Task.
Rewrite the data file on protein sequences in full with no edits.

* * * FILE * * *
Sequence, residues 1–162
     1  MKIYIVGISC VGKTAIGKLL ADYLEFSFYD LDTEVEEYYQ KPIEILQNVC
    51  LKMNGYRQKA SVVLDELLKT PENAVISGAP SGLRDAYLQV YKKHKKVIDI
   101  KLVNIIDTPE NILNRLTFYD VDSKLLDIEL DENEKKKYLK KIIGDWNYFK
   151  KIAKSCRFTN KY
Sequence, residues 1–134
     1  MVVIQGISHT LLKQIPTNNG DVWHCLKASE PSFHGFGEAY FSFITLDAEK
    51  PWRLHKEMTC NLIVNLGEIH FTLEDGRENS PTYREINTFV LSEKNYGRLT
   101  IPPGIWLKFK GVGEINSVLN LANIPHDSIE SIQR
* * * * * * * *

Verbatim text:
Sequence, residues 1–162
     1  MKIYIVGISC VGKTAIGKLL ADYLEFSFYD LDTEVEEYYQ KPIEILQNVC
    51  LKMNGYRQKA SVVLDELLKT PENAVISGAP SGLRDAYLQV YKKHKKVIDI
   101  KLVNIIDTPE NILNRLTFYD VDSKLLDIEL DENEKKKYLK KIIGDWNYFK
   151  KIAKSCRFTN KY
Sequence, residues 1–134
     1  MVVIQGISHT LLKQIPTNNG DVWHCLKASE PSFHGFGEAY FSFITLDAEK
    51  PWRLHKEMTC NLIVNLGEIH FTLEDGRENS PTYREINTFV LSEKNYGRLT
   101  IPPGIWLKFK GVGEINSVLN LANIPHDSIE SIQR